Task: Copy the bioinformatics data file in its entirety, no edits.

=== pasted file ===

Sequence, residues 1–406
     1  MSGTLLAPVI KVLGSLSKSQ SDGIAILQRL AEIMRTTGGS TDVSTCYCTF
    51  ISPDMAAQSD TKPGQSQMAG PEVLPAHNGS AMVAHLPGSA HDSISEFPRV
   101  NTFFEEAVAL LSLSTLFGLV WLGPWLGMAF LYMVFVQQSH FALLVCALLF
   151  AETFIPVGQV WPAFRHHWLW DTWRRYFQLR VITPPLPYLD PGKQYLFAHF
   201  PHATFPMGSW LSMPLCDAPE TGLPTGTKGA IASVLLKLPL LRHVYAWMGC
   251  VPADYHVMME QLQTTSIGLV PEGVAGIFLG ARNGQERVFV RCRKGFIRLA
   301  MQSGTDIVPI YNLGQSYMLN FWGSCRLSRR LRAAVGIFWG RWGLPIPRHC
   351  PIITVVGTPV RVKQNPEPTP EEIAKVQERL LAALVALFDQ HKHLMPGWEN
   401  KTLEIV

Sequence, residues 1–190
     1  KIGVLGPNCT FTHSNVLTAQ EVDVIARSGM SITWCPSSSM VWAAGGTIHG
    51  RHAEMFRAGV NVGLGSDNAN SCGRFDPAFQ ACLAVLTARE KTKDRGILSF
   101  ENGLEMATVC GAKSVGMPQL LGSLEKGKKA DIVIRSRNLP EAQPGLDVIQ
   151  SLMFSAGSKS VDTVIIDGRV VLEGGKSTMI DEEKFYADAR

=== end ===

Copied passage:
Sequence, residues 1–406
     1  MSGTLLAPVI KVLGSLSKSQ SDGIAILQRL AEIMRTTGGS TDVSTCYCTF
    51  ISPDMAAQSD TKPGQSQMAG PEVLPAHNGS AMVAHLPGSA HDSISEFPRV
   101  NTFFEEAVAL LSLSTLFGLV WLGPWLGMAF LYMVFVQQSH FALLVCALLF
   151  AETFIPVGQV WPAFRHHWLW DTWRRYFQLR VITPPLPYLD PGKQYLFAHF
   201  PHATFPMGSW LSMPLCDAPE TGLPTGTKGA IASVLLKLPL LRHVYAWMGC
   251  VPADYHVMME QLQTTSIGLV PEGVAGIFLG ARNGQERVFV RCRKGFIRLA
   301  MQSGTDIVPI YNLGQSYMLN FWGSCRLSRR LRAAVGIFWG RWGLPIPRHC
   351  PIITVVGTPV RVKQNPEPTP EEIAKVQERL LAALVALFDQ HKHLMPGWEN
   401  KTLEIV

Sequence, residues 1–190
     1  KIGVLGPNCT FTHSNVLTAQ EVDVIARSGM SITWCPSSSM VWAAGGTIHG
    51  RHAEMFRAGV NVGLGSDNAN SCGRFDPAFQ ACLAVLTARE KTKDRGILSF
   101  ENGLEMATVC GAKSVGMPQL LGSLEKGKKA DIVIRSRNLP EAQPGLDVIQ
   151  SLMFSAGSKS VDTVIIDGRV VLEGGKSTMI DEEKFYADAR